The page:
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Converting Char Array with hex values into 32-bit integer

 
 
Martin Kleiner
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      02-10-2009
Hi

I have an 8 byte array of hex characters, e.g.
['c','5','3','1','0','6','5','9'] and I wanna convert this
to an unsigned int, so that unsigned int i = 0xc5310659. I wonder if
in C there is an very easy way to do that?

One cumbersome way to do that would be:

unsigned int arrToInt = 0;

for(i=0; i<8; i++) {
arrToInt =(arrToInt<< | toIntVal(charBuffer[i]);
}

int toIntVal(char c)
{
int value = 0;

switch (c)
{
case '0':
value = 0;
break;
case '1':
value = 1;
break;
....
default:

return val;
}

has someone an easier idea?

Thanks!
 
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Nate Eldredge
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Posts: n/a
 
      02-10-2009
Martin Kleiner <(E-Mail Removed)> writes:

> Hi
>
> I have an 8 byte array of hex characters, e.g.
> ['c','5','3','1','0','6','5','9'] and I wanna convert this
> to an unsigned int, so that unsigned int i = 0xc5310659. I wonder if
> in C there is an very easy way to do that?


You could add a terminating nul and use the standard `strtoul'
function.

char charBuffer[8] = { 'c','5','3','1','0','6','5','9' };
char tmpbuf[9];
char *q;
unsigned long result;

memcpy(tmpbuf, charBuffer, ;
tmpbuf[8] = '\0';
result = strtoul(tmpbuf, &q, 16);
if (q != &tmpbuf[8])
fprintf(stderr, "Didn't convert 8 characters\n");
 
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Martin Ambuhl
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Posts: n/a
 
      02-10-2009
Martin Kleiner wrote:
> Hi
>
> I have an 8 byte array of hex characters, e.g.
> ['c','5','3','1','0','6','5','9'] and I wanna convert this
> to an unsigned int, so that unsigned int i = 0xc5310659. I wonder if
> in C there is an very easy way to do that?


The easy way is to have your 8 chars put into a string:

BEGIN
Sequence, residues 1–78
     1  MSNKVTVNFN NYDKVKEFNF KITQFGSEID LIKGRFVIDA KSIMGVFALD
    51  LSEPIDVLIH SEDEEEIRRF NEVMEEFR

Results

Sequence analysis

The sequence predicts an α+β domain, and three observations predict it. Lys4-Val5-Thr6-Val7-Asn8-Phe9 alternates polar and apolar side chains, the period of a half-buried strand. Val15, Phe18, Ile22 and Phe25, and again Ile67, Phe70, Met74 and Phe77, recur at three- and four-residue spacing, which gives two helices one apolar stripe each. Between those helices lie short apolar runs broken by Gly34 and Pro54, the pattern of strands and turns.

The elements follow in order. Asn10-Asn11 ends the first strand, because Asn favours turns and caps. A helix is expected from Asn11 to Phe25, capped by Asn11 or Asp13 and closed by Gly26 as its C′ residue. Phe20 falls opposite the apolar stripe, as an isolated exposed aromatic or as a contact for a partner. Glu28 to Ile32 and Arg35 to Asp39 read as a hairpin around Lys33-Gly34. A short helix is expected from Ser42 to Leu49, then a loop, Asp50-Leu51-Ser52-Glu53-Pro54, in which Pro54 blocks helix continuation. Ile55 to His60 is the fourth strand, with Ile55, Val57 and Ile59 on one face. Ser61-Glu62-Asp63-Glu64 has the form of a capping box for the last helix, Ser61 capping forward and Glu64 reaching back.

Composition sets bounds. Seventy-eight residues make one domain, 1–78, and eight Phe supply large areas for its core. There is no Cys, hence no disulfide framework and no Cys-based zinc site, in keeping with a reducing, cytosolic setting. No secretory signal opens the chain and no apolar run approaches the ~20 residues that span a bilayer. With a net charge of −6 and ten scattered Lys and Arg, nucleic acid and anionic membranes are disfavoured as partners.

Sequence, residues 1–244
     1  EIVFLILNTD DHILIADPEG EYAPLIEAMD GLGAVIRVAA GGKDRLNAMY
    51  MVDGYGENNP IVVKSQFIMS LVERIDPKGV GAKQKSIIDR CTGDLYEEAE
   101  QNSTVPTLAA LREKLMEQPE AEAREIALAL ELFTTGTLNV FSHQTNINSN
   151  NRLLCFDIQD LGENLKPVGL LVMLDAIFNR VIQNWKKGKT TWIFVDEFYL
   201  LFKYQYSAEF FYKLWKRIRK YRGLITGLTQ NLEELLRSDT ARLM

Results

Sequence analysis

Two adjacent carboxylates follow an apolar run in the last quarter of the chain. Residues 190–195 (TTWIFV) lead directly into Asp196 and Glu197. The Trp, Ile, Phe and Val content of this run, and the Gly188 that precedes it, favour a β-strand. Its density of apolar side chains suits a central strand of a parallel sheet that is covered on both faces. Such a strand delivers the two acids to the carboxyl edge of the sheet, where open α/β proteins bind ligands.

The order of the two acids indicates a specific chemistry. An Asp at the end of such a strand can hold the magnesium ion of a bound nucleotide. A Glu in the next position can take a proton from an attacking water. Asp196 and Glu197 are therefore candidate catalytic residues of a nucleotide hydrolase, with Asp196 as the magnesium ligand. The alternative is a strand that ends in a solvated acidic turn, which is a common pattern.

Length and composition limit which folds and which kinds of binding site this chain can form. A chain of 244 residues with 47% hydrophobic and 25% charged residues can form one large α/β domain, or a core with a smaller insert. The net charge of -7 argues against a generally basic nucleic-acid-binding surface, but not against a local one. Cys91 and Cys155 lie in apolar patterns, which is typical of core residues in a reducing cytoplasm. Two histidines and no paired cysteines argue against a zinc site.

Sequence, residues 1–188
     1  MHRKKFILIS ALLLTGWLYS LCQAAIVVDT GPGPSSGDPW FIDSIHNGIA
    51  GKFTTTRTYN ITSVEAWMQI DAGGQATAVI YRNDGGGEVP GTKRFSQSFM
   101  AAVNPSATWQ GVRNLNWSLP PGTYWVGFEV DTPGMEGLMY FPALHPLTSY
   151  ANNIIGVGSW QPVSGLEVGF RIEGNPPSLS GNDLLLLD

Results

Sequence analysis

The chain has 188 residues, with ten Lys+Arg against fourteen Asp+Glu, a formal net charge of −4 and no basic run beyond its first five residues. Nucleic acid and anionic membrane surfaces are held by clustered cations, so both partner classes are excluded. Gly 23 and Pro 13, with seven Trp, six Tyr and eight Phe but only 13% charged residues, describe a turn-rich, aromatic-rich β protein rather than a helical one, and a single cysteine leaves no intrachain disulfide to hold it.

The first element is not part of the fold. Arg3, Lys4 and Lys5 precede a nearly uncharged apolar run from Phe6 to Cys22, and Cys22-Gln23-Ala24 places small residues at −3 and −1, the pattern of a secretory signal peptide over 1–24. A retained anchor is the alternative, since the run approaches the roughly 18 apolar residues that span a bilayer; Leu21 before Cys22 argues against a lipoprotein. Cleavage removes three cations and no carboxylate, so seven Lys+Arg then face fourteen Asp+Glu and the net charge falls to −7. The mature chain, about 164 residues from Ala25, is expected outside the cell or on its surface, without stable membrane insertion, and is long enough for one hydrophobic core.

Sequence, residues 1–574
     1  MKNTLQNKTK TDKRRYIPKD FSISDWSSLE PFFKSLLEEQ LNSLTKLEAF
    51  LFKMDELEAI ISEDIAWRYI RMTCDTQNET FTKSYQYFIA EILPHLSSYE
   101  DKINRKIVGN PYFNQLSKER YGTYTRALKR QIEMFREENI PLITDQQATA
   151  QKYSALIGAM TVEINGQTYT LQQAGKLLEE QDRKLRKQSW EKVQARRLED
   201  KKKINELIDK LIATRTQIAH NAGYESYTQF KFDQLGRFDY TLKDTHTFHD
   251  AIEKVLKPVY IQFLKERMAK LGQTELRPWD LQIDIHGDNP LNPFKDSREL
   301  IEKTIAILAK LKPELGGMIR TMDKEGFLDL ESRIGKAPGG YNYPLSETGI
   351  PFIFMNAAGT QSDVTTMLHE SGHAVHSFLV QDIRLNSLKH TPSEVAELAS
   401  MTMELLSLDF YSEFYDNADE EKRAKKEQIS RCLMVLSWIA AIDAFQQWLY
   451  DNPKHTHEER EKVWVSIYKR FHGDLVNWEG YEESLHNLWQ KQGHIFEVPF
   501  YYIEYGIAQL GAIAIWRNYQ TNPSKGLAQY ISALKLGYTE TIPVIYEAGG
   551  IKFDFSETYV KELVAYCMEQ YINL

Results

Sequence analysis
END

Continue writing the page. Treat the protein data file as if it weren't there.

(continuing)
#include <stdio.h>
#include <stdlib.h>
#include <ctype.h>
#include <string.h>
#include <stddef.h>

int main(void)
{
/* note that the buffer is, as specifed 8 chars longs, so it is not a
string. Were this declared with buff[], the trailing '\0' would
have been supplied, and strtoul would do. */
char buff[8] = "c5310659";
/* note that the target is an unsigned long. An unsigned int, as the
OP used, is allowed to have a maximum of 65535 (0xFFFF) so is
inappropriate */
unsigned long target;
char cvt[] = "0123456789abcdef";
/* a 9-byte buffer for another approach */
char ninebytes[8];
size_t i;
char *p;
ptrdiff_t j;
_Bool crap = 0;

/* approach 1 */
for (i = 0, target = 0; i < 8; i++) {
p = strchr(cvt, tolower(buff[i]));

if (!p) {
crap = 1;
printf("The character '%c' is not appropriate.\n", buff[i]);
break;
}
j = p - cvt;
target = (target << 4) + j;
}
if (crap)
printf
("warning, I stopped converting after the above error
message\n");
printf("Approach 1:\n"
"The value of \"c5310569\" appears to be %lu (%#lx"
" %#lo)\n\n",
target, target, target);

/* approach 2 */
/* make a string */
memcpy(ninebytes, buff, ;
ninebytes[8] = 0;
target = strtoul(ninebytes, &p, 16);
if (*p) {
printf("There is an unconverted part of \"%s\" remaining,\n"
"namely \"%s\"\n", buff, p);
}
printf("Approach 2:\n"
"The value of \"c5310569\" appears to be %lu (%#lx"
" %#lo)\n\n",
target, target, target);


return 0;
}

Approach 1:
The value of "c5310569" appears to be 3308324441 (0xc5310659 030514203131)

Approach 2:
The value of "c5310569" appears to be 3308324441 (0xc5310659 030514203131)
 
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Ben Bacarisse
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Posts: n/a
 
      02-11-2009
Martin Kleiner <(E-Mail Removed)> writes: